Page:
There is no middle for Peter Strickland’s fascinating “The Duke of Burgundy,” the highly anticipated follow-up to 2012’s “Berberian Sound Studio,” which also premiered here. Strickland introduced the film at its Saturday night premiere with possibly the funniest bit of preface I’ve heard at a festival. First, he thanked people “Without whom, you’d be watching The Judge.” And then he made sure to ask if he forgot anyone, conveying the story of a fight over a football game that ended with “You didn’t thank me at the premiere!” Finally, he rattled off a list of supposed film errors he had caught at the P&I screening earlier that day, including a boom mic shadow at 3:27 and a compost heap continuity problem at 11:34. Funny guy.
NOT a funny movie. If “Berberian Sound Studio” featured Strickland playing with audio, “Duke” examines other senses, to the degree that it has a “Perfume by” in the opening credits and actually goes on to feel like it earned it. There’s a “Lingerie” credit too, and that definitely took some work as the film’s two leads are almost always in a state of undress. Paying homage (again) to Italian film of the ‘70s, Strickland has made a psychosexual drama about patterns, power, sex and degradation. It’s a fascinating experiment, one that produces a remarkable sense of unease and uncertainty despite its beautiful surface. Like one of the insects that serves as its thematic visual background, it features striking, refined beauty that hides the dirt and grime from which it comes and to which it returns.
In the film’s opening scene, a beautiful young woman named Evelyn (Chiara D’Anna) bicycles to a home. She rings the bell, her employer Cynthia (Sidse Babett Knudsen) answers and tells her that she’s late, and that she should try not to take so much time cleaning this time. She verbally abuses a shaken Evelyn. And then, when Evelyn fails at getting the soap off her employer's panties, Cynthia has to punish her.
Of course, this relationship is not at all what it seems. Who has the power? What produces passion? “The Duke of Burgundy” is a film about a dominant-submissive sexual relationship that subverts the traditional role in that it is the more “cold” of the two that wants for more warmth. If a partner demands that her lover be dominant, who is really the submissive?
“The Duke of Burgundy” is a gorgeous film with the kind of attention to set design, costumes and refined detail that dazzles in every scene. And yet that beauty hides the kind of behavior that most people would call disgusting. It’s a film with perfume and lingerie budgets that also includes the line “Would a human toilet be a suitable compromise?” Strickland finds a way to blur the ugly and the elegant in a manner that has rarely been seen before, using the filmic language of Giallo and even Roman Polanski’s ‘70s works to tell a story that feels bizarre but relatable, and he draws genuine performances from his two leads. It’s definitely not a film for everyone—it’s even “stranger” than his last one—but it’s a remarkable accomplishment of form, as Evelyn & Cynthia’s patterns blur with the visual patterns of the filmmaker, which blur with the patterns of insect beauty created by Mother Nature.
The first act of Javier Fuentes-León’s “The Vanished Elephant” has a similarly unsettling tone, keeping viewers unsure of its final destination. Salvador del Solar stars as Edo Celeste, a world famous writer haunted by the loss of his fiancée Celia seven years earlier. As he’s finishing up what he plans to be his final novel featuring a detective named Felipe Aranda, he gets summoned by Mara (Angie Cepeda), a woman who lost her husband on the same day that Celia disappeared. She received an envelope with pictures that may explain what happened to their loved ones. Meanwhile, an artist making a production of Celeste’s work brings an actor into the writer’s life who looks disturbingly familiar. He’s the same man who Edo has pictured as Aranda as he’s written for years. He IS Aranda. Is he? Or is he someone else? And does he have a connection to what happened to Celia?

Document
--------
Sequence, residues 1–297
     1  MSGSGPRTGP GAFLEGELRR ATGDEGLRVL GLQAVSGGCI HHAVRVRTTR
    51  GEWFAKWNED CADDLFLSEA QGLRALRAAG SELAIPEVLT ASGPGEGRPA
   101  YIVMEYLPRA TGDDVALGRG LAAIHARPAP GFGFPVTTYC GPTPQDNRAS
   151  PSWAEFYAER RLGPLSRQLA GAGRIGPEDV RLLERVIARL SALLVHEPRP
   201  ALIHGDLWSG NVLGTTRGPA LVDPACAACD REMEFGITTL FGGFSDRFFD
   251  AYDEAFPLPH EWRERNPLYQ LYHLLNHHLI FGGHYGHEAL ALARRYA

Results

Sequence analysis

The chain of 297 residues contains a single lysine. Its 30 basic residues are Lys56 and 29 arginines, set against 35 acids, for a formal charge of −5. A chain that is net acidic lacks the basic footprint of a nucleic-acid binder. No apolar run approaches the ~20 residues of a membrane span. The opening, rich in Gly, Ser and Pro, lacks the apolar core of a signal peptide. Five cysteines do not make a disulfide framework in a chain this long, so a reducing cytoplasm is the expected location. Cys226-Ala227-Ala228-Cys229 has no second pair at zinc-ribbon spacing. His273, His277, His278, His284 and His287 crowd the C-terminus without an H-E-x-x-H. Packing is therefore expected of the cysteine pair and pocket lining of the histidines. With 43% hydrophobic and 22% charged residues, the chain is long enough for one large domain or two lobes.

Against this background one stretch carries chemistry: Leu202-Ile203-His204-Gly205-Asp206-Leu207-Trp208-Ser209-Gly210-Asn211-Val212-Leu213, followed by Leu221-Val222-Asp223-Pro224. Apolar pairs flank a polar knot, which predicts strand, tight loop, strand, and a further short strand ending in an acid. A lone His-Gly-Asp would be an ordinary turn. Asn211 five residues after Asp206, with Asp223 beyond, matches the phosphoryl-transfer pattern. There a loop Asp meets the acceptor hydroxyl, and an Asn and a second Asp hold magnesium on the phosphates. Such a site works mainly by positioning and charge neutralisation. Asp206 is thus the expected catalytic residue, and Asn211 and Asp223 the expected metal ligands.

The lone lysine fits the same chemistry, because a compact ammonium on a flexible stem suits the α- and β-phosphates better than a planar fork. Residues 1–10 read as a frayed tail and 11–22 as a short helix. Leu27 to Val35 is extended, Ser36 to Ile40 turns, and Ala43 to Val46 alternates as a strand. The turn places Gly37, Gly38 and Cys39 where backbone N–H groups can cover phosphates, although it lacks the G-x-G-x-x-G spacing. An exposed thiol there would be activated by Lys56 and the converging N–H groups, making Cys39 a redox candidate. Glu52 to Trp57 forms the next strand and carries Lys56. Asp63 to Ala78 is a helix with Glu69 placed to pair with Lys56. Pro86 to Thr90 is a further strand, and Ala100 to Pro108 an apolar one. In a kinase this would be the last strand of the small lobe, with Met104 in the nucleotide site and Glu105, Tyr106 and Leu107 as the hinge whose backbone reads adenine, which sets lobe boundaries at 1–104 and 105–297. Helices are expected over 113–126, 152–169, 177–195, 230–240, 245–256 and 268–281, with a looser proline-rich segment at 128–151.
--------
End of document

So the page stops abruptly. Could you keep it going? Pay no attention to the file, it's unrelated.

“The Vanished Elephant” starts as a traditional mystery/noir but develops beats of Kafka or Charlie Kaufmann as it unravels. Who is the writer? Who is the character? Who is the actor? It’s very confidently made and features a strong central performance from del Solar but it kind of comes apart as it progresses. Even as it goes off the rails narratively, it’s never boring. I wish it came together in a more satisfying way, but it falls apart in an interesting manner, which is more than can be said about some of TIFF 2014’s failures.
Finally, there’s Midnight Madness entry “Big Game,” a movie that perfectly illustrates the cycle of buzz at a festival like this one. Going into Friday night, there was little hype for a film in which Samuel L. Jackson plays the President of the United States, stuck in the Finnish wilderness after terrorists take his plane down, forced to fight for survival with only a 13-year-old kid as his companion. After the screening, Twitter and social media exploded, with many critics and viewers claiming adoration for it, and suddenly turning the next morning’s P&I into a hot ticket. I switched plans, jumped in, and realized that the general dismissal of the film pre-screening was wrong—it’s well made and often fun—but the rapturous Midnight Madness responses were a bit overblown as well.
“Big Game” is a nod to ‘80s Amblin action films, a movie with a small budget and obvious character motivations. Jackson is POTUS; talented newcomer Onni Tommila is the kid; Ray Stevenson is the traitor (no spoiler…it’s obvious early); Victor Garber, Ted Levine, Felicity Huffman and Jim Broadbent lead the high-powered cast back in D.C., basically watching the action unfold via satellite video. It’s a refreshingly simple action movie in the middle of films that seek to comment on the human condition, and it’s that lack of complication that I believe critics are embracing. I think, at home, away from the environment of a festival, it will be revealed to be a bit flat, almost too simple in its narrative and delivery. Here, as writers try to draw lines from film to film, it's a nice bit of film festival diversion.